DI: In addition to our ‘sit down’ system, (DI4D PRO), we have also developed a head mounted version of this system - ‘DI4D HMC’. The HMC is able to capture full performance (by simultaneously capturing the facial performance with traditional optical body motion capture) from multiple actors, whilst also delivering the high fidelity of capture we are known for.
HRG: How will this technology benefit narrative driven experiences such as Remedy Entertainment’s Quantum Break?
DI: From the actors point of view, they simply have to give their facial performance in front of an array of synchronised video cameras and standard video lighting, without requiring markers or special make-up - the result is super high definition facial motion capture from real life talent. Once our software has processed the captured video data to produce a simple point cache file (and optional per frame texture and detail maps), Remedy then ‘solve’ this point cache data onto their character rigs.
Sam Lake (Remedy Creative Director): Quantum Break is a hugely ambitious project that combines action and narrative components in a unique way to bring the characters to life. The only way to achieve the high quality of performance was to create highly realistic digital doubles of talented actors. By using Dimensional Imaging’s DI4D facial performance capture solution, combined with Remedy’s Northlight storytelling technology, we can ensure that every nuance of the actors’ performances are captured on screen.
Colin Urquhart (CEO): With the development of games like Quantum Break, we are now starting to see a level of graphic quality and realism rendered in real-time that could previously only be achieved with off-line rendering. As a result we are truly entering an era of convergence, where the quality of both the assets and performances required in game will be much more on a par with those required for television and movies, this is where the benefits of our technology come into their own.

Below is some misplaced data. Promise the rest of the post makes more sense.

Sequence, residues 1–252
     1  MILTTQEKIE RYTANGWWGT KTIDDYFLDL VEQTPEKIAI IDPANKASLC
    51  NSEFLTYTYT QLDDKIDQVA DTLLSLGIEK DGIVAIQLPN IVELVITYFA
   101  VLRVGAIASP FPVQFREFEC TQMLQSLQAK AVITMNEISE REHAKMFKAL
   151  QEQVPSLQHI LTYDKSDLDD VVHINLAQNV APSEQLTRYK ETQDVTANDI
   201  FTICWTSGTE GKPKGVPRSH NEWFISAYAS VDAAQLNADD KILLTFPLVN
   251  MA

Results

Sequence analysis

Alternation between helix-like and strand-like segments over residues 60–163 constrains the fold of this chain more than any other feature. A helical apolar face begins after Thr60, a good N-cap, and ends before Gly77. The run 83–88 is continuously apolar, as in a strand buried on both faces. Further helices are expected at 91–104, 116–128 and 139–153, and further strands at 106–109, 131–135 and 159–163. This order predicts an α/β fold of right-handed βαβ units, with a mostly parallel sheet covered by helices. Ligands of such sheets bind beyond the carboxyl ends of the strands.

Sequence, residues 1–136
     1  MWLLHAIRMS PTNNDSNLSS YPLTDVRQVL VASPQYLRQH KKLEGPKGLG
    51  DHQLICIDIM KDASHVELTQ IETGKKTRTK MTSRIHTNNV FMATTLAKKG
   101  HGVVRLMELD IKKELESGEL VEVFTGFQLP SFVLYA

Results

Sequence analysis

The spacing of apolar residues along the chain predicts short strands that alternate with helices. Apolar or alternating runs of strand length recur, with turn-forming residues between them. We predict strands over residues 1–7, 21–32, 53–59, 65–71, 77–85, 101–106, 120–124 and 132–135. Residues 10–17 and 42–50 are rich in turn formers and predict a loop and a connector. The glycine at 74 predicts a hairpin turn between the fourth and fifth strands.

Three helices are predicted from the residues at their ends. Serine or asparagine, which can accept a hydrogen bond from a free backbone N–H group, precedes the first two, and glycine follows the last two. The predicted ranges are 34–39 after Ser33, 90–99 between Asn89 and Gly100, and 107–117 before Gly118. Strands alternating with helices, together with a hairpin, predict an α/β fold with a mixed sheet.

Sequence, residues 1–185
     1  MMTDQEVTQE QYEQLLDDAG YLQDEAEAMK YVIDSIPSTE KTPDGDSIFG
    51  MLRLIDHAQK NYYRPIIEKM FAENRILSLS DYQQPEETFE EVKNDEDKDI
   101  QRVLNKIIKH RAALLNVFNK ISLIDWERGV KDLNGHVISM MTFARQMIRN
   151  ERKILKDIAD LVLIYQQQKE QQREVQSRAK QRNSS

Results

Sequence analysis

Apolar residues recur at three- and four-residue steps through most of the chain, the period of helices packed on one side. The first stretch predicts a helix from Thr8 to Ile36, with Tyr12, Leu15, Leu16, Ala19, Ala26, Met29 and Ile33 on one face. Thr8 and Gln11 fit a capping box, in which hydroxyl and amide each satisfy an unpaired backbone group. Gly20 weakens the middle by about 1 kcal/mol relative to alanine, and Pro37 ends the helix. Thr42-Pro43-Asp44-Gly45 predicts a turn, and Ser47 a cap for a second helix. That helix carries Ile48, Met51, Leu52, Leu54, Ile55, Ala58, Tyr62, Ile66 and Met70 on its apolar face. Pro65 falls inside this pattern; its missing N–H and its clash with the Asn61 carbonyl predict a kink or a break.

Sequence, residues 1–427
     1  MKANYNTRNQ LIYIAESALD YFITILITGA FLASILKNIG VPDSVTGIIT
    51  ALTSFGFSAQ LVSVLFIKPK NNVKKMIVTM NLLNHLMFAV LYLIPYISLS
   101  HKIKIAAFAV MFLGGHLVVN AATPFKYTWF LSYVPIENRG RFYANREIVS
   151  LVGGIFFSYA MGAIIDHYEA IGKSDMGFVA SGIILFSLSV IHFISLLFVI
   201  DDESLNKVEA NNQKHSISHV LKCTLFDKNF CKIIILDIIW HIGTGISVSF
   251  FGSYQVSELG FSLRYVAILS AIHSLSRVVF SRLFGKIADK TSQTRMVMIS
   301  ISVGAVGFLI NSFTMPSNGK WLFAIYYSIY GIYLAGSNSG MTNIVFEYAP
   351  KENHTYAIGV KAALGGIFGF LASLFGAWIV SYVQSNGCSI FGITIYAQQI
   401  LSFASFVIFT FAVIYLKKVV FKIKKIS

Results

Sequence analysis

HRG: What uses does the system present outside of entertainment industries?
DI: Both our 3D and 4D systems are used across the Research sector within the facial surgery, psychology, and orthodontics sectors.
In some ways, the requirements of the two markets are quite similar in that both require high fidelity data captured in a very subject friendly environment. The main difference is in the duration and intensity of projects. Medical research projects tend to develop quite slowly and then require modest intensity of capture and processing over a long period of time, whereas entertainment projects tend to develop (and change) rapidly, with a brief period of very high intensity work with tight deadlines. We are very pleased that we have been able to develop flexible solutions that can be applied easily to both scenarios.
HRG: Comparable differences between recording resolutions and different camera set-ups (six vs nine)
DI: Adding more cameras increases the coverage of capture. E.g. our HMC system uses just two cameras and only captures the front of the subject’s face. The nine camera system can capture from ear to ear and also allows for a little bit of subject movement. The nine camera system can also capture better fidelity data in areas such as the side of the nose that are not so visible with a two camera system.
Now, whilst the majority of this might sound a tad academic to most gamers, this technology could have big implications for the quality of cinematic, narrative experiences, Remedy Entertainment’s upcoming Xbox One exclusive, Quantum Break, being just one. As gamers seek to find reasons to upgrade to a PS4 or Xbox One, and with companies such as EA touting the potential of the mobile market as a viable alternative to the console platforms, the coming of age of the narrative experience could perhaps not have come at a better time. Each successive console generation seems to usher in a new age of one particular aesthetic aspect, be it texture resolution or lighting, but this time, we may very well see a considerable leap forward in terms on animation, as characters look and move in dramatically more lifelike ways. When showcasing Forza 5 at E3 2013, Turn 10 proclaimed that AI was dead as it plugged its Drivatar system, well perhaps now we are witnessing the end of the video game character in much the same sense, as pixels and polygons finally step aside to allow the digital actor to take to the stage.
Special thanks to everyone at Dimensional Imaging for taking the time out to chat with us